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About The Artist
Jimmie Logsdon was a straight 1950's style country singer who recorded mostly for Decca and King. But in between he also did some quality rockabilly sides under the pseudonym "Jimmie Lloyd."
He also spent several years as a deejay mostly in Kentucky, but worked a year at powerful WCKY in Cincinnati before they abandoned their late-night country format.
Logsdon hailed from the town of Panther, Kentucky. Since his father was a Methodist minister who changed churches every few years, Jimmie grew up in such towns as Bowling Green, Corbin, Olive Hill and Ludlow where he finished high school in 1940.
He later worked in Cincinnati installing P.A. systems and selling appliances until he entered the service in 1944. After the war, Jimmie opened a radio repair shop in LaGrange, Kentucky and began to dabble in music on the side.
Logsdon worked with a group called the Golden Harvest Boys and they had small live programs over two Louisville stations, first WLOU and then WINN. In 1951 they did a single on their own custom Harvest label and opened for Hank Williams at the Louisville Memorial Auditorium.
This led to either Hank or songwriter Vic McAlpin helping him secure a contract with Decca and he had his first session on October 8, 1952. Many of Jimmie's songs generally fell into a Hank Williams style and by the time of his session on January 25, he did a pair of tribute numbers, his own "Hank Williams Sings the Blues No More" and a cover of Jack Cardwell's "The Death of Hank Williams." In all, he had sixteen sides released on Decca.
In February of 1953, Billboard included a list of the tribute recordings to Hank Williams. Here are the other tribute records:
In March of 1953, Billboard told readers that Jimmie had left WINN for radio station WLRP in New Albany, IN. In addition he had a half-hour television show on WHAS-TV that featured Jimmie's sister Martha along with the Golden Harvest Boys.
In October of 1953, Jimmie had moved to radio station WKYW.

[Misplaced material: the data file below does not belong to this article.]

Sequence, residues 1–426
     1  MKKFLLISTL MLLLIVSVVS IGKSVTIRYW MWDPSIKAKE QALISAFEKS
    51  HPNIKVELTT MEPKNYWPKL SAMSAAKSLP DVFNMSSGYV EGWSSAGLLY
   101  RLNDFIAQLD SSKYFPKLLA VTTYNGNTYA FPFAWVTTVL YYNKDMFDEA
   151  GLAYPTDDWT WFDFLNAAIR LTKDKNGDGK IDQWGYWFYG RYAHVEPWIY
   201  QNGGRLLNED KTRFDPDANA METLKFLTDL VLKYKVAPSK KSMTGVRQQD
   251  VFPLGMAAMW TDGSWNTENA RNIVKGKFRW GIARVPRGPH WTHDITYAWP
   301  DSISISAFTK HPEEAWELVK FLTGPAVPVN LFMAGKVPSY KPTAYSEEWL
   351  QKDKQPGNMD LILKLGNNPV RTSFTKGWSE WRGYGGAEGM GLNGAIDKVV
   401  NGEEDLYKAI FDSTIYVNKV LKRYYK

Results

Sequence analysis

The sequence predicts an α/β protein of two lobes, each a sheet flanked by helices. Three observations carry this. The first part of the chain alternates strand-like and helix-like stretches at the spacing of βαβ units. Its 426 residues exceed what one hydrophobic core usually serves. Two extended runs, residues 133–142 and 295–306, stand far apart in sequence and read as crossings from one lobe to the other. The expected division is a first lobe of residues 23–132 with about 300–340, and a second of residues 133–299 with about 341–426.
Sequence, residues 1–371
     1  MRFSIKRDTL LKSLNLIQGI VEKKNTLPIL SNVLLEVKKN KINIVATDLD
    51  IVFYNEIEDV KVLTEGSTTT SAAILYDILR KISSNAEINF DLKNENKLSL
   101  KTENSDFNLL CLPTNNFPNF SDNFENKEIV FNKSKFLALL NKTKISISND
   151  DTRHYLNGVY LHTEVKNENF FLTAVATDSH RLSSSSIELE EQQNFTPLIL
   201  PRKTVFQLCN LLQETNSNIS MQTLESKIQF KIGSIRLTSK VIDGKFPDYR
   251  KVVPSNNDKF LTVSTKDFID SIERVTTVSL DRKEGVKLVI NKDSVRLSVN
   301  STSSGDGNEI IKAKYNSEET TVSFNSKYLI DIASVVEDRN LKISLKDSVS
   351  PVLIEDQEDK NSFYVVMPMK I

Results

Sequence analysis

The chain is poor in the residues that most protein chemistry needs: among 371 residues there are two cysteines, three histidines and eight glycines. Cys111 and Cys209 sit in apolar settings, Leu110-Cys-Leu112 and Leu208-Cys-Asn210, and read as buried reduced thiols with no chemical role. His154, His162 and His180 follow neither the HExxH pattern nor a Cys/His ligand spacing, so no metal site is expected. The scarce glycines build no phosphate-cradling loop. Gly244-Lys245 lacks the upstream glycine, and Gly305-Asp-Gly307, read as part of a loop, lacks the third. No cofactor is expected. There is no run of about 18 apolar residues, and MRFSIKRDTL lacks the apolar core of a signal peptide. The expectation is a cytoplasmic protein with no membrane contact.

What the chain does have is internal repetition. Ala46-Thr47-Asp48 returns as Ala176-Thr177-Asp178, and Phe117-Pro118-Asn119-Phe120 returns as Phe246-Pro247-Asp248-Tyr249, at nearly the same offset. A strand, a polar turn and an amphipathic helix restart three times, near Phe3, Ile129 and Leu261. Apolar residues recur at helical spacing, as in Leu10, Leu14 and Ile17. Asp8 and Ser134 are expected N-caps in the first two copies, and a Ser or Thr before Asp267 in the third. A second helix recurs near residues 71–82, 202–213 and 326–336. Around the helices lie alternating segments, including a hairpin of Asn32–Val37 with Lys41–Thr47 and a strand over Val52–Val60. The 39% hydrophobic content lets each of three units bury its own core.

In the meantime he moved to larger WKLO, working mostly as a deejay and playing clubs at night and more distant locales on weekends. When his Decca contract elapsed he went with Dot, followed by Starday, and then Roulette where he did four quality rockabilly numbers under the pseudonym "Jimmie Lloyd." While they made little impact at the time, especially "I Got a Rocket in My Pocket" is considered a classic of the genre today.
In May of 1955, Jimmie signed a one year contract with radio station WHLO in Louisville. That Billboard blurb told readers that Jimmie's group, the Golden Harvest Boys, then included Howard Whited, lead guitar; Clyde Coffey, steel guitar; Lonnie Pierce, fiddle and Clarence Morris on bass.
Logsdon did not record again until the spring of 1963 when he did an album for King, Howdy Neighbor, which was also his familiar intro as a deejay. In May of 1962, he replaced legendary night-time host Wayne Raney on 50,000 watt WCKY. This fabled station's night time show played hard country and bluegrass and was equally famous for long commercials and another noted record spinner Nelson King. The best known King numbers were likely the sentimental "Mother's Flower Garden" and a country cover of the bluegrass classic "I Know You're Married but I Love You Still."
After WCKY changed their format in 1964, Jimmie went back to doing deejay work on smaller stations until 1973. After that he worked for the Commonwealth of Kentucky until he retired.
He did a final album in 1981 for Rusty York's Jewel Records. One might add that during the days when he kept a band, his fiddler Lonnie Peerce went on to found the Bluegrass Alliance, a band that was in the vanguard of the "newgrass" style and started Vince Gill on his musical journey.
Jimmie wrote or co-wrote many tunes. Here is what research to date shows:
As for Jimmie Logsdon, in 2001 he passed away at age seventy-nine.
He was married to Mary Gertrude (Cissell) Logsdon. She was born October 15, 1925 and passed away on July 4, 2001.
His sister Martha, mentioned above, Martha Jean (Logsdon) Toombs was born November 30, 1926; she passed away on November 7, 1993.
Credits & Sources